Tuesday, January 19, 2010

A Proposal of New Nomenclature.

I propose a new way of referring to an era of comics.

Since we comics geeks have latched onto what is now a standard way of referring to different time periods/movements in American comic books, i.e. the Golden, Silver and Bronze Ages, I think it's well beyond time to add a new division. The Tarnished Age.

Hear me out. At first thought, The Tarnished Age sounds a little negative. However, I feel it is an apt description which reflects the intentions of the creators of the time. Most of the comics of the era I'm describing are re-examinations of traditional superheroes, looked at through the lense of reality and cynicism. Those once-gleaming heroes of the Gold and Silver ages have become...tarnished.

The Tarnished Age of comics would begin around 1982 with Alan Moore and Alan Davis' revisionist take on Marvelman, aka Miracleman.

From there, we jump across the pond to Mark Gruenwald's 1985 Squadron Supreme maxi-series.

Next up, we predictably move on to 1986 with Moore and Gibbons' Watchmen

and Frank Miller's Batman: The Dark Knight Returns.

From that point forward, nearly every hero gets a new, grittier take. Daredevil has a crisis of faith, Green Arrow has a mid-life crisis and starts using pointy arrows, Spiderman has a serious wardrobe malfunction, Lex Luthor becomes a Machiavellian CEO and Kraven the Hunter blows his brains out.

Sound tarnished enough for ya? The hardest part will be determining where the Tarnished Age stops and the next age begins.


  1. You might even say it began when Speedy tied that first tourniquet on his bulging bicep.

    Best thing to ever happen to Daredevil, imho.

  2. LWNC: Nice one! You'd think I'd have mentioned that one! "MY WARD SPEEDY IS A JUNKIE!!" Not sure which parent to blame, there; Green Arrow or Denny O'Neil ?

  3. Very intriguing thesis Aaron!
    Yeah, Speedy... (good one Lonewolf)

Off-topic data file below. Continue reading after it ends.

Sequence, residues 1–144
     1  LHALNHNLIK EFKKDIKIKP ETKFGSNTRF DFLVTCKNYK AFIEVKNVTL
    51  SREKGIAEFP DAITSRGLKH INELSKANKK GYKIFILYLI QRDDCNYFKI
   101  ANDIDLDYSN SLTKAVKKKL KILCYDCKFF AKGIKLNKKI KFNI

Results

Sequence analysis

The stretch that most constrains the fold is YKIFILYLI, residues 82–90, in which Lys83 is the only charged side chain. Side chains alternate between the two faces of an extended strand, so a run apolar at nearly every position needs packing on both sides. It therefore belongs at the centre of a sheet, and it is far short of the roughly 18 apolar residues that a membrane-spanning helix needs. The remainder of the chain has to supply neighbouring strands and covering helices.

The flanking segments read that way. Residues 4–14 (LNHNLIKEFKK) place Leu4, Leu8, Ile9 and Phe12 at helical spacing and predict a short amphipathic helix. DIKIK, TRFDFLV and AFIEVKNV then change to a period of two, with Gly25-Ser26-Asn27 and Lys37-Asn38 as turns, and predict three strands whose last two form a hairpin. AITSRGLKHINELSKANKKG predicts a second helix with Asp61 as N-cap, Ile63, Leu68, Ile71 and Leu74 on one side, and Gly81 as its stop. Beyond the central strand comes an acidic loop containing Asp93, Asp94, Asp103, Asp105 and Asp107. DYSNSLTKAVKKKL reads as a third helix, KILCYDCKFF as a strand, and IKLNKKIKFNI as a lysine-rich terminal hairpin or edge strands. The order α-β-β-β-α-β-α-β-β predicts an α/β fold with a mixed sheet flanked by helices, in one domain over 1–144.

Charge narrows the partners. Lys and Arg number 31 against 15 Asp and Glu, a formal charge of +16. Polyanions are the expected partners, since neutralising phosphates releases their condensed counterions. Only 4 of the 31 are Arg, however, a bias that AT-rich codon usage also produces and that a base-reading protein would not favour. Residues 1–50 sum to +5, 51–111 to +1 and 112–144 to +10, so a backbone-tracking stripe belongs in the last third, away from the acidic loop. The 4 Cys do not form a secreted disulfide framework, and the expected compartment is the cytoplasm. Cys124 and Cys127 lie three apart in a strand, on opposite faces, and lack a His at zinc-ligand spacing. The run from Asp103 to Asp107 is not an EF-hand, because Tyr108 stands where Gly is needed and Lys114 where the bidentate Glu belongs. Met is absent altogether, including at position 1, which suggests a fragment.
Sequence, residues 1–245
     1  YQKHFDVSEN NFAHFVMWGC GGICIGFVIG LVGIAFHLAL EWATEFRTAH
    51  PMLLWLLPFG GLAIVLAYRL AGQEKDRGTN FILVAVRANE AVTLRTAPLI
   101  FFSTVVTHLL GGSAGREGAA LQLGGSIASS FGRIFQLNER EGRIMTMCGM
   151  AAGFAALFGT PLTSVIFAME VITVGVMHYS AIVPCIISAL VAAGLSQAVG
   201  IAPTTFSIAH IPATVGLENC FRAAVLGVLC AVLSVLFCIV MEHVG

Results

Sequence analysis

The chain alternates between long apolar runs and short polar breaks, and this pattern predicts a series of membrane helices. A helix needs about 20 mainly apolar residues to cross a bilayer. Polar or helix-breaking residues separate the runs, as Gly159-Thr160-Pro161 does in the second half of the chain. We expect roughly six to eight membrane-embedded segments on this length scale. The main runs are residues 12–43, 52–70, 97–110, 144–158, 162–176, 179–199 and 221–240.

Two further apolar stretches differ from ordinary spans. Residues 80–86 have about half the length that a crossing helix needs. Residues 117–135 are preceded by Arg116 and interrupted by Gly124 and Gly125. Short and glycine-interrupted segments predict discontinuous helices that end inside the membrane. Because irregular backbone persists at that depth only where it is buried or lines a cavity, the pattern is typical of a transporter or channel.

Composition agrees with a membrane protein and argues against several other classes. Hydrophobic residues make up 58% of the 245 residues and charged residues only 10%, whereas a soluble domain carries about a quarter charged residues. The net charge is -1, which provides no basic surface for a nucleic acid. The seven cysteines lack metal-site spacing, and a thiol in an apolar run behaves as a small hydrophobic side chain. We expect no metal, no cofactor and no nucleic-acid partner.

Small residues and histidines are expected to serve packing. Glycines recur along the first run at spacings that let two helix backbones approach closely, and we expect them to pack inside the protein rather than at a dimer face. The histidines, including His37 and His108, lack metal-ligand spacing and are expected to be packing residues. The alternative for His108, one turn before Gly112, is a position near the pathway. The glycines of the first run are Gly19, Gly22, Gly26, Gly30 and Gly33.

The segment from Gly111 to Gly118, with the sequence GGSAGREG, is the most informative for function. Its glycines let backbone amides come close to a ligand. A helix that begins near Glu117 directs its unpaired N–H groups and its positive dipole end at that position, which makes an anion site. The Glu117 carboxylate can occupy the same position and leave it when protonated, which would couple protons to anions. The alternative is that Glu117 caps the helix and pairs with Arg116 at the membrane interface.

But then when Reed and Sue filed for divorce...it blew my mind... that and when Tony Stark became an alcoholic.

  4. I like it! I will never forgive Miller for turning Batman into a scruffy, common street thug (and before someone comments, that was NOT how he was orignially). -- Mykal

  5. Mykal: I concur. Was Batman darker in the 1940's than in the 50's and 60's ? Yes. Was he a psychopath? No. Batman hailed from the previous, pulp traditions of Mystery Men, like the Shadow. He looked menacing to frighten the guilty. And, yeah, in early issues he took a few lives...but then Superman threatened to break a woman's arm if she didn't confess to murder in Superman #1, so it's really a late 1930's thing.

    Again, I wince a little bit every time I hear the term "Dark Knight". The original term was "Darknight Detective" meaning he was out in the dark of night.

    Of course, I've never understood why the Green Lantern was called the "Emerald Gladiator" either.

    These things are cyclical. Now that we have started a new century, and are again in an economic crisis, perhaps more escapist, lighter-hearted heroes are on the horizon?

  6. I notice that your examples are pretty much all products of the 80's. Reflection of Reagonomics and Iran/contra cynicism? Gerard Jones suggests as much in his book. I'll excuse O'Neill and Adams' GL/GA from this sordidness, though, because the second part (#86) attempted to show Speedy's redemption and rehabilitation--plus I thought it was a hell of a good story as a kid.